‘The Hunchback of Notre Dame’ at 25 – Review
The Hunchback of Notre Dame (1996)
Directors: Gary Trousdale, Kirk Wise
Screenwriters: Tab Murphy, Irene Mecchi, Bob Tzudiker, Noni White, Jonathan Roberts
Starring: Tom Hulce, Demi Moore, Tony Jay, Kevin Kline, Paul Kandel, Jason Alexander, Charles Kimbrough, Mary Wickes, David Ogden Stiers
There have been numerous adaptations of Victor Hugo’s “Notre-Dame de Paris” since its publication nearly two centuries ago. By happenstance, 2021 marks not only the 190th anniversary of the novel, but 25 years since arguably its most famous interpretation: Disney’s animated musical The Hunchback of Notre Dame.
In 15th Century Paris, deformed bell ringer Quasimodo (Tom Hulce) dreams of a life outside his prison/sanctuary of Notre Dame Cathedral but for the fear of the cruelty and evils of the wider world instilled in him by his guardian, the corrupt Judge Frollo (Tony Jay). Quasimodo sneaks out of Notre Dame for the city’s annual Feast of Fools where he falls for kindly gypsy Esmeralda (Demi Moore) before inevitably being ridiculed by the crowds for his appearance. Frollo also desires Esmeralda for his own and will stop at nothing to have her and wipe her people from the streets of Paris.
Like all of Disney’s Renaissance features, The Hunchback of Notre Dame takes a giant leap forward on a technical level. A new programme was written, appropriately dubbed “Crowd” to give the teeming throngs of Medieval Paris life. Gone were the days of still image stand-ins, as the camera soars around Notre Dame and looks down at the teeming plaza below we see hundreds of individuals all moving independently, particularly impressive in the film’s largest scale scenes, the Feast of Fools and the siege of the Cathedral in the finale.
This film takes a lot of inspiration from the 1939 Charles Laughton version of Hunchback, which was in itself a fairly faithful adaptation of Hugo’s doorstep of a novel. Quasimodo looks quite a lot like Laughton’s portrayal of the bell ringer, but with a warm smile and Hulce’s gentle, angelic voice added. It was in the 1939 film too that solidified villain Frollo as an amoral judge rather than a sinful archbishop, a characterisation that has been repeated in most adaptations since, including Disney’s.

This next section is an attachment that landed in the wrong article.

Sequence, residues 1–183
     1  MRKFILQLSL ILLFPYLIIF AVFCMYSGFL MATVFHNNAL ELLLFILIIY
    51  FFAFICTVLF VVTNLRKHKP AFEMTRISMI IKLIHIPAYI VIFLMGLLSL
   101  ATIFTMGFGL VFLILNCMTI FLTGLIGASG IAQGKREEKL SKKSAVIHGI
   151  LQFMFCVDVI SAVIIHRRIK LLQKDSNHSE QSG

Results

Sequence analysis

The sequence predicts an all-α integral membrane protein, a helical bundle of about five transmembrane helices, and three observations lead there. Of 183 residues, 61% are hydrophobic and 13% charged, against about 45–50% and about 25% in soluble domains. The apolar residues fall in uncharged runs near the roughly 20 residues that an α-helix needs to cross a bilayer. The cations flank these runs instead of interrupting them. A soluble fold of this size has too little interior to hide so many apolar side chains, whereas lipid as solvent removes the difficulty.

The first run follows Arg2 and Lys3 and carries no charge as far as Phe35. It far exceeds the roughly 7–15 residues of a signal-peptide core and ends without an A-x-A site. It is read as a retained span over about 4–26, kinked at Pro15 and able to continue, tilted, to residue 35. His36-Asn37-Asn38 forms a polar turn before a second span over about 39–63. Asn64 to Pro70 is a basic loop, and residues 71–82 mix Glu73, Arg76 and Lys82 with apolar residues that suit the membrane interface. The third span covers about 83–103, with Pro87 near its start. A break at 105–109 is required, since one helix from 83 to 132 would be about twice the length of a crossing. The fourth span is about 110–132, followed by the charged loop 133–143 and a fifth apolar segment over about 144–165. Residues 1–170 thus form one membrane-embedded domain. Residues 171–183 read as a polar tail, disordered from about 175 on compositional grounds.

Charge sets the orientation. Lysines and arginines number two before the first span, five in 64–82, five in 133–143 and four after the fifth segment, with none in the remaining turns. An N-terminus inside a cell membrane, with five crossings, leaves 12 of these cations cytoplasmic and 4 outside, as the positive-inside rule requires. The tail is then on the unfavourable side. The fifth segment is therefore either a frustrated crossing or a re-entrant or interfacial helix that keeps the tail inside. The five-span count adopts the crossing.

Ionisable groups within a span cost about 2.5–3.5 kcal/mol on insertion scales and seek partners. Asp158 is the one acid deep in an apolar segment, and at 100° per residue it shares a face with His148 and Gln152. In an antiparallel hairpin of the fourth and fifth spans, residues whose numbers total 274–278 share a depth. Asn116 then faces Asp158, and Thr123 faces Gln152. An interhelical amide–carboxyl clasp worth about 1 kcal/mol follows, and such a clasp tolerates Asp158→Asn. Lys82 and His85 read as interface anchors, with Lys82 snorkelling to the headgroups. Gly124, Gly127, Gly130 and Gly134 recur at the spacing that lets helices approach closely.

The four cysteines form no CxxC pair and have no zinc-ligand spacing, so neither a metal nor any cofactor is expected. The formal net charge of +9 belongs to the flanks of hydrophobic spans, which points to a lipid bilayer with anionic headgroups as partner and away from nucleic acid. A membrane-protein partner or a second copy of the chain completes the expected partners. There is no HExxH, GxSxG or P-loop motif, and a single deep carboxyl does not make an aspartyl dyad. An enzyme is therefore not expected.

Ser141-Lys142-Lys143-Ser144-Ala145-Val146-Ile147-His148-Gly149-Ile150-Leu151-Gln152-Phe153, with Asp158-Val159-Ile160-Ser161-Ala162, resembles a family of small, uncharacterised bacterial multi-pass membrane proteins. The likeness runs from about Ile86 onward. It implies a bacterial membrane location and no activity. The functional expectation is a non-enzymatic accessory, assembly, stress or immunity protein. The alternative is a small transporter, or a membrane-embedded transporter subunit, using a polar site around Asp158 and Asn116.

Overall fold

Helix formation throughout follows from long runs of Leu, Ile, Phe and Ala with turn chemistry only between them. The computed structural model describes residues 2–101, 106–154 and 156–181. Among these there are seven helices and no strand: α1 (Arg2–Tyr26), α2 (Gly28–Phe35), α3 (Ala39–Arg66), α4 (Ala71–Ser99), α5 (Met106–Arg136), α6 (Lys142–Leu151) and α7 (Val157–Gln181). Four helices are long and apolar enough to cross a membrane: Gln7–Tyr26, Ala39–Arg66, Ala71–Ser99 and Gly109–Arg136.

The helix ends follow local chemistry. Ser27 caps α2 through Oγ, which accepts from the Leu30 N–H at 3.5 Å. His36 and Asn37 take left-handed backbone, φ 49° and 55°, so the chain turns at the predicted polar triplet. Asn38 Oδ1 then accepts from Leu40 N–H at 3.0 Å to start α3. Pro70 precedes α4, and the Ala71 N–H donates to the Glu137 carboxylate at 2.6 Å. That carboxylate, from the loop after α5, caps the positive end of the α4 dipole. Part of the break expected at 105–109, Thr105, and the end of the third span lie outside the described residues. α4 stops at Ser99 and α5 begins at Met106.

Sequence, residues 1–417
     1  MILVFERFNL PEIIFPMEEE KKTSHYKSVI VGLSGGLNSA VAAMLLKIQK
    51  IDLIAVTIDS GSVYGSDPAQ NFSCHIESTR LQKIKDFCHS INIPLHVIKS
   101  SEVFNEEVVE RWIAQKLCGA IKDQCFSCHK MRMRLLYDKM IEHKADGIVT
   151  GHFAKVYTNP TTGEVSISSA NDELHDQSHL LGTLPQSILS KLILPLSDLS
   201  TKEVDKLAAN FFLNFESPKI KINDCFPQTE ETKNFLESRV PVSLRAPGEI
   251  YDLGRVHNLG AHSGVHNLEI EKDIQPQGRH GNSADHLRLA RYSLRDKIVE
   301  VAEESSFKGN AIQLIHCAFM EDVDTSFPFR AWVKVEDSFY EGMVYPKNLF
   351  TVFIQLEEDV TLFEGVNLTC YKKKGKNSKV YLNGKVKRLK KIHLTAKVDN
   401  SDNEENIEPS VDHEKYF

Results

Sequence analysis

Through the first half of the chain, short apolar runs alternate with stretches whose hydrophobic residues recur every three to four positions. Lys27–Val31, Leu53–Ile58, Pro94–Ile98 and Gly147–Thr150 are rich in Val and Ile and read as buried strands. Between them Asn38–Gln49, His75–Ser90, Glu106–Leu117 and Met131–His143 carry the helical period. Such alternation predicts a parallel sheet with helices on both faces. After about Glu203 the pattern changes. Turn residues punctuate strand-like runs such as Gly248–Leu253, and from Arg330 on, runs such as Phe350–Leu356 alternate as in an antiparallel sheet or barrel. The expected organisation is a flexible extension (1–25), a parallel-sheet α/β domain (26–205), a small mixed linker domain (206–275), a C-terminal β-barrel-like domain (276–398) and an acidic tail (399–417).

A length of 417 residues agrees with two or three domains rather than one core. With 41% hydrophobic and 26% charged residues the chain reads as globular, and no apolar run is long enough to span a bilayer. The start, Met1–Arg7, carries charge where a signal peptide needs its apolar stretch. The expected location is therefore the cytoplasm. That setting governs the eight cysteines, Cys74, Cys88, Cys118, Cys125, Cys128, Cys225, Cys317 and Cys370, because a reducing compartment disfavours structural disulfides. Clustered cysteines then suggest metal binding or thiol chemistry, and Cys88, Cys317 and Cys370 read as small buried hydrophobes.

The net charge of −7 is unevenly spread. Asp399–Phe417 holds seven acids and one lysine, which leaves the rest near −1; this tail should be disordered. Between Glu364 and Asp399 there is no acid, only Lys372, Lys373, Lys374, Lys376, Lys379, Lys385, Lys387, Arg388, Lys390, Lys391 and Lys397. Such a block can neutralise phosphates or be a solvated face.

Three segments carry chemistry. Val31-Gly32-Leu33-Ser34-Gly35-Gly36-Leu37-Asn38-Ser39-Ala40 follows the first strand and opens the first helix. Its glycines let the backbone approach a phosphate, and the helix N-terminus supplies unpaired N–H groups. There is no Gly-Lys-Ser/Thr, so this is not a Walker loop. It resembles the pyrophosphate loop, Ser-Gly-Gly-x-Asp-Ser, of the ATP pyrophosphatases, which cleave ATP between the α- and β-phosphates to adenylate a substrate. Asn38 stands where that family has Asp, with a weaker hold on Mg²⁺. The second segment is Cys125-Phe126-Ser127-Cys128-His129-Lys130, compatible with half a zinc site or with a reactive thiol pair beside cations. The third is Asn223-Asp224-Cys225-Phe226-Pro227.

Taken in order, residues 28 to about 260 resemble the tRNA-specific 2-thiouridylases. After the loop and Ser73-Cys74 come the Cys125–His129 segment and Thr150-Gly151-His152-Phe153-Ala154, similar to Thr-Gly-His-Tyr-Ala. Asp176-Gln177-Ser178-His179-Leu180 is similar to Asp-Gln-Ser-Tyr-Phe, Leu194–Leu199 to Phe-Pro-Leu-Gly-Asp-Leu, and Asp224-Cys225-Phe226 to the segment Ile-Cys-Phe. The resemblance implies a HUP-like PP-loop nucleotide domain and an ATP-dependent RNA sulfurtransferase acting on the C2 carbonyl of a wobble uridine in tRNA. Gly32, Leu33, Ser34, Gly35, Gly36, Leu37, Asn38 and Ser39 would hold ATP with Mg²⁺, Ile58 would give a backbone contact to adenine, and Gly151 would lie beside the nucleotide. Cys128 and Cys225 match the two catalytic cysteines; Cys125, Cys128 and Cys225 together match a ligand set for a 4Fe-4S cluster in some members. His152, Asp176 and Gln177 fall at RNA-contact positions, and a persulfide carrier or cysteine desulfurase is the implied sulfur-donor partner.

Judge Claude Frollo is the most unquestionably evil villain in the Disney canon, well perhaps alongside Cruella DeVille because of all the animal cruelty (though we certainly don’t need a Frollo origin story). His power and his threat comes from the fact that he’s both a fanatic and a hypocrite: “He saw corruption everywhere except within”. Frollo sees himself as doing God’s work by ridding Paris of the gypsies, but lusts after Esmeralda, planning to spare her if she pledges to be “mine and mine alone”. His hypocrisy is evident in that he believes these un-pious thoughts do not come from him but from him being helpless against gypsy magic (“Don’t let this siren cast her spell”) and sinful temptation (“He made the devil so much stronger than a man”).
The film mostly goes for a dark melodrama vibe, except for the addition of a troupe of comedy sidekicks, in this case Notre Dame’s gargoyles who befriend Quasimodo and give him someone to speak his thoughts to, but who completely derail the tone train. A film containing attempted infanticide, (just offscreen) torture, pillorying and attempted acts of genocide comes across as rather jarring next to all the bad stand-up routines and guards getting kicked in the nuts.
It’s the music that makes Hunchback, that gives it grand scope and atmosphere. Alan Menken is at the height of his powers here and while he’d tragically lost his lyrical writing partner Howard Ashman, Stephen Schwartz meets the challenge of matching the operatic tone with heartfelt words tied to timeless humanist themes. Quasimodo’s “Out There” and Esmeralda’s “God Help the Outcasts” are among the most emotional “I want” songs in Disney, and Frollo’s “Hellfire” is the darkest and most complex villain number the studio has produced to date by some margin, incorporating the Catholic Confiteor and referencing the pain of sin and the torment of damnation: “Don’t let her fire sear my flesh and bone”. It’s hard stuff for Disney, but in many ways the song makes the film, especially in contrast to Quasimodo’s innocent “Heaven’s Light” that immediately precedes it.
The Hunchback of Notre Dame perhaps caught critics and audiences off-guard upon its release 25 years ago. Its darker elements are too dark for children and its lighter moments too juvenile for adults. The stereotypical portrayal of gypsy culture and the sexualisation of Esmeralda which were problematic at the time seem even more so when viewing the film today. Despite its off-balance tone and the odd misstep, the skill of the visual and musical artistry on show, the forceful thematic punch and unexpected depth of the character portrayals makes this among the most satisfying and lasting movies of the Disney Renaissance.
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